The Victorian Age was a period of incredible growth and change in North America and most of Europe. Arriving on the heels of the Industrial Revolution, the Victorian era was marked by rapid advancements in science, technology, and medicine. Queen Victoria’s reign brought not only the proliferation of steam-driven transportation (trains and boats), but also culture-altering inventions such as photography, the telephone, and electric light.
But another important revolution of the Victorian era was a social one. During the 19th century, women began playing integral roles in almost every part of society – science, medicine, education reform, literature, social reform, etc. As you may have heard by now, March is Women’s History Month, and we’re happy to celebrate by taking a closer look at some of the exceptional, influential women who contributed most to their culture and their world. These women were the trailblazers and pioneers of their time, and they all made the world a better place.
Nurse and Social Reformer
Florence Nightingale rose to prominence through her work during the Crimean War of 1853-56. Nightingale cared for wounded British soldiers at Constantinople, earning the name “The Lady with the Lamp” by making rounds overnight to check in on sick and wounded soldiers. Her work was instrumental in professionalizing nursing as an occupation, and she continued to elevate the reputation of women in medicine throughout the rest of her life. Nightingale founded a nursing school at St. Thomas’ Hospital in London and wrote prodigiously about health care in a way that made important medical information accessible to the working class.
Mathematician and Writer
The only daughter of British Romantic poet Lord Byron, Ada Lovelace chose not to follow her father’s literary lead. Instead, with her mother’s encouragement, Ada pursued science and mathematics. Describing her approach as “poetical science,” Lovelace was especially interested in how mathematics could be applied to technological advancements. At just 17 years old, she developed a long friendship with British mathematician Charles Babbage, who had developed something called an “Analytical Engine” – an early version of the digital computer. While Babbage eventually became known as the “father of computers,” it was Lovelace who wrote and published what’s considered to be the first algorithm, or computer program. Lovelace recognized that Babbage’s creation had potential functions that transcended simple calculation, and as a result she is considered to be one of the world’s first computer programmers.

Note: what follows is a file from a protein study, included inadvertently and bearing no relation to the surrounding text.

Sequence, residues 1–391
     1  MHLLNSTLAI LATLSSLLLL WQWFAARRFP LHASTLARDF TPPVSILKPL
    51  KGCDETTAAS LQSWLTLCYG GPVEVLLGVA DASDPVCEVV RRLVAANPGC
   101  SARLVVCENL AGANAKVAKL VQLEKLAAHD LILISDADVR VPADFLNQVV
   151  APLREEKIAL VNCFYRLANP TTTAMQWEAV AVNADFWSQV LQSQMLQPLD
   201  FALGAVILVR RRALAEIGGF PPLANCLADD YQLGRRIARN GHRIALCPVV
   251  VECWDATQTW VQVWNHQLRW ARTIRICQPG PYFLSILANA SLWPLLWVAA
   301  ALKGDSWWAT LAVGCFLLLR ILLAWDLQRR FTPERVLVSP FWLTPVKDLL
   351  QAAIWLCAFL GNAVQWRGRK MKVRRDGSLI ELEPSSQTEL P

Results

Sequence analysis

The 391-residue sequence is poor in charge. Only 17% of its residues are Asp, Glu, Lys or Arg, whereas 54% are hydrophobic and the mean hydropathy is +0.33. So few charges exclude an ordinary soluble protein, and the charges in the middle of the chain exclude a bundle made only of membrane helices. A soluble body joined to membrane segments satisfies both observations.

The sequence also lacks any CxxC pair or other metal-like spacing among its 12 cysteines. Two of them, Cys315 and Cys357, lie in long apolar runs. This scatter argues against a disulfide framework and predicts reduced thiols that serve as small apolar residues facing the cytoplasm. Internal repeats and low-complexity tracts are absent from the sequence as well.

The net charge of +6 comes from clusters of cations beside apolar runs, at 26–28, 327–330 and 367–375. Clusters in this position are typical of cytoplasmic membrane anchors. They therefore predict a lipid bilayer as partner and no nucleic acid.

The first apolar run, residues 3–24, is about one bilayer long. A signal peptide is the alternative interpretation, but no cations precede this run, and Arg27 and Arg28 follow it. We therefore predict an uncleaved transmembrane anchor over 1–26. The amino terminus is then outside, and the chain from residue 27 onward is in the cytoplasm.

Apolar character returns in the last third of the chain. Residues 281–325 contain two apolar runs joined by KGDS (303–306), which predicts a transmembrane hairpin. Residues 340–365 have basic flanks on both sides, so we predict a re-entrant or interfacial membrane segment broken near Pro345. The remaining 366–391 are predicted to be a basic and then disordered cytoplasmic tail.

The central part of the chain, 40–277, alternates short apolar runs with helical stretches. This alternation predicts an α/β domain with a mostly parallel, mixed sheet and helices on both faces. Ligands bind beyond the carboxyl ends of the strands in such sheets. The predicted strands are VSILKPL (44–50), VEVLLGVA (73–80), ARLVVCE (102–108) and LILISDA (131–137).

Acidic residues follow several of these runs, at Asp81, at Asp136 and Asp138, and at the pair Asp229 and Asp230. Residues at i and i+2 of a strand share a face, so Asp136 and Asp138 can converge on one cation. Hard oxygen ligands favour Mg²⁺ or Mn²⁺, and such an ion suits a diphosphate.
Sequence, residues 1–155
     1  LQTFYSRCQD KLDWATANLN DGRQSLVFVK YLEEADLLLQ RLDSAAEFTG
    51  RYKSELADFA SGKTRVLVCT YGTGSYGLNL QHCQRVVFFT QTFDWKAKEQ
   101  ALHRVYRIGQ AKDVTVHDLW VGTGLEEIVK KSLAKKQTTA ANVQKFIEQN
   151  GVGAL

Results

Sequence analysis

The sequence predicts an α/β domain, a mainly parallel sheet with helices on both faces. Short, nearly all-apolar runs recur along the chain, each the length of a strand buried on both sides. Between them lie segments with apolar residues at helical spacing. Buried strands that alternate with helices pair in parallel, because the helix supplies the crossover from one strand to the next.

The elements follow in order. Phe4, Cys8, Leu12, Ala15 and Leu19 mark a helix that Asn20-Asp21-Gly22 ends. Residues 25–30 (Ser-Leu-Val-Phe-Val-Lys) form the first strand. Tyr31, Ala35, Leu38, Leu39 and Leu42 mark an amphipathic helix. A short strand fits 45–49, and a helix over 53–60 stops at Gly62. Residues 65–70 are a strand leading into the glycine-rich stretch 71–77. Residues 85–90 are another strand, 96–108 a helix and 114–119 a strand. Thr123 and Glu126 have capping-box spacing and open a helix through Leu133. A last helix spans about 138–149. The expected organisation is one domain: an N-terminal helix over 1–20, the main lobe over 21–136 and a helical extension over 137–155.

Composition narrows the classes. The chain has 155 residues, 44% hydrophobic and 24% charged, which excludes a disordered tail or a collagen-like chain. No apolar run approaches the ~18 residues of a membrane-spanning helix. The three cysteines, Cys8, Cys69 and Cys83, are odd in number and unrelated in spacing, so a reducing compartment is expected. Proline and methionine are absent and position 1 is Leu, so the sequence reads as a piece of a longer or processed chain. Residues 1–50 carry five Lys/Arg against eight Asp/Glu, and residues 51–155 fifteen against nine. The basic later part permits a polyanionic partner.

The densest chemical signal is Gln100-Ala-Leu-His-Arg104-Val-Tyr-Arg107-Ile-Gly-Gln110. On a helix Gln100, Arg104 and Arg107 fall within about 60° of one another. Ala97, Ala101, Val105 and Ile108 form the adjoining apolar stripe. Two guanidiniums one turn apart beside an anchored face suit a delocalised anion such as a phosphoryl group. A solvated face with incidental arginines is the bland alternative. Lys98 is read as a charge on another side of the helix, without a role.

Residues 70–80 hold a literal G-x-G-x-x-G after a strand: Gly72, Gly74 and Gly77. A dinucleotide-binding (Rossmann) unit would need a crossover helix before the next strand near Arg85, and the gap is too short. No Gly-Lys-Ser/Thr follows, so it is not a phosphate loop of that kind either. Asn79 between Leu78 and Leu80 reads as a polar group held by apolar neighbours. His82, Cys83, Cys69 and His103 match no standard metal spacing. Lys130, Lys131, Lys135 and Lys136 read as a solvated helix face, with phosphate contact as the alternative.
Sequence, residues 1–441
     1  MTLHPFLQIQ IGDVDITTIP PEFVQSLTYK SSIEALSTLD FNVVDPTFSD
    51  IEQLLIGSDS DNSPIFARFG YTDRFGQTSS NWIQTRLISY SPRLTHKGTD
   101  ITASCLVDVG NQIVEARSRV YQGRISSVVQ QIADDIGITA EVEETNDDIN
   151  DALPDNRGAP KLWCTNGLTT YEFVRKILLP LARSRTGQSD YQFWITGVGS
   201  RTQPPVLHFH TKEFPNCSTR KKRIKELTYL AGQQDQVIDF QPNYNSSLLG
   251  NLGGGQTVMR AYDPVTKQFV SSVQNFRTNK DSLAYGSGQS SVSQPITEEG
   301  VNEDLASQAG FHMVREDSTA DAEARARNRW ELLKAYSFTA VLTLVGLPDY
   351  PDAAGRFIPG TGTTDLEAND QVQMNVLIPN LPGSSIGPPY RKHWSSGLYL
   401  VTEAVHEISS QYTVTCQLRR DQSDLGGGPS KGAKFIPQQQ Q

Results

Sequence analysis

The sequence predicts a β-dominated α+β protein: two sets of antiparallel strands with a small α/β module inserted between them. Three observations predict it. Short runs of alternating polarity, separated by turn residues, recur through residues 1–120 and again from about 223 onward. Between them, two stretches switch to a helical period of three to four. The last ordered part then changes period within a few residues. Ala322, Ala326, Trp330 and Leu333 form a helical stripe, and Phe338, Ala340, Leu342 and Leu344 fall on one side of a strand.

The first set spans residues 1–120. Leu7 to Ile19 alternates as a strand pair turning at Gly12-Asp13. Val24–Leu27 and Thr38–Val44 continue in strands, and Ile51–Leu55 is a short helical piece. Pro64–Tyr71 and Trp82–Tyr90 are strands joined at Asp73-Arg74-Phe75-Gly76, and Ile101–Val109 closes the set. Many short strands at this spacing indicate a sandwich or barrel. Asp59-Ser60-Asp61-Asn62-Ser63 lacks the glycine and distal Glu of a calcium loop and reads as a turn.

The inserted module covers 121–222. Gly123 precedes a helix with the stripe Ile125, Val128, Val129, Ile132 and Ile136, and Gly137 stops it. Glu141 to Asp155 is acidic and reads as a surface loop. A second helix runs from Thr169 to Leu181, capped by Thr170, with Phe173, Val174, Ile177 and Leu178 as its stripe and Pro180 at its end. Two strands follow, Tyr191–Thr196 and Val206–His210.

Prison Reformer and Humanitarian
Quaker and Christian philanthropist Elizabeth Fry dedicated her life to British prison and social reform. Compelled by her deep faith to go out into the world and actively do good works, Fry began researching poverty and imprisonment in England. In 1813, she visited Newgate Prison in London and discovered abysmal conditions there, including women and children crammed into small cells doing their own cooking and cleaning and sleeping on straw. Horrified by the conditions she found there, Fry determined to make the prison system more humane. Her work led to widespread reforms in the British prison system, and she also established an overnight shelter in London to help the homeless.
A social theorist who penned influential books and essays about a wide range of social, political, and religious subjects, Harriet Martineau is often considered the first female sociologist. The early 19th century was a time when most “serious” social subjects – economics, politics, religion – were generally seen as the province of men. Refusing to be constrained by traditional gender roles, Martineau freely ventured into all of these fields and wrote influential works with an intellectual clarity that transcended contemporary expectations. Martineau was so significant that she was invited to Queen Victoria’s coronation in 1838. She even wrote her own autobiography in 1877, which was unusual for women at the time.
Suffragette and Social Reformer